Objectives: To investigate the efficacy of a novel geriatric trauma risk assessment tool [Score for Trauma Triage in the Geriatric and Middle-Aged (STTGMA)] designed to predict inpatient mortality to risk-stratify measures of hospital quality and cost of care in middle-aged and geriatric orthopaedic trauma patients.
Design: Prospective cohort study.
Setting: Academic medical center.
Patients: One thousand five hundred ninety-two patients 55 years of age and older who were evaluated by orthopaedic surgery in the emergency department between October 1, 2014, and September 30, 2016.
Intervention: Calculation of the inpatient mortality risk score (STTGMA) using each patient's demographics, injury severity, and functional status. Patients were stratified into minimal-, low-, moderate-, and high-risk cohort groups based on risk of <0.9%, 0.9%-1.9%, 1.9%-5%, and >5%.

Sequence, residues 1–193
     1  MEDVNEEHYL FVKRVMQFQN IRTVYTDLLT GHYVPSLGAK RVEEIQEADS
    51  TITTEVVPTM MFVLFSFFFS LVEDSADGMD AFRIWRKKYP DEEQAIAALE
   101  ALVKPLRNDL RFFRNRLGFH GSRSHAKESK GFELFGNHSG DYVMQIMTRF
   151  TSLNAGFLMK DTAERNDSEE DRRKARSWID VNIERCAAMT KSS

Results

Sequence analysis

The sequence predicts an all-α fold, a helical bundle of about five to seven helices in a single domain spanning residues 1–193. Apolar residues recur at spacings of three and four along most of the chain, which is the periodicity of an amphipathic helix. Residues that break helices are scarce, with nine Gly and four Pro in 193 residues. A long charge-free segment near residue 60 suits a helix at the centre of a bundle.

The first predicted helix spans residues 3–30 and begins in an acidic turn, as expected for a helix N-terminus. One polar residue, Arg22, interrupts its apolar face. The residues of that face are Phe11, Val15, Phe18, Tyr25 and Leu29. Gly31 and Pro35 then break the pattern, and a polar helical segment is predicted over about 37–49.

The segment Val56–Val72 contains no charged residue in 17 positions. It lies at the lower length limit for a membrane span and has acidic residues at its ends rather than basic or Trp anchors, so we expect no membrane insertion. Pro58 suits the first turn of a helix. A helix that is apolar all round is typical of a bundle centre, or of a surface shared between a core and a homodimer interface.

Main outcome measurements: Length of stay, complications, disposition, readmission, and cost.
Results: One thousand two hundred seventy-eight patients (80.3%) sustained low-energy injuries and 314 patients (19.7%) sustained high-energy injuries. The average age was 73.8 ± 11.8 years. The mean length of hospital stay was 5.2 days with a significant difference between the STTGMA risk groups. This risk stratification between groups was also seen in complication rate, need for Intensive Care Unit/Step Down Unit care, percentage of patients discharged, and readmission within 30-days. The mean total cost of admission for the minimal-risk group was less than one-third that of the high-risk cohort.
Conclusions: The STTGMA tool is able to risk-stratify hospital quality outcome measures and cost. Thus, it is a valuable clinical tool for health care providers in identifying high-risk patients in efforts to continue to provide high-quality resource conscious care to orthopaedic trauma patients.
Level of evidence: Prognostic Level II. See Instructions for Authors for a complete description of levels of evidence.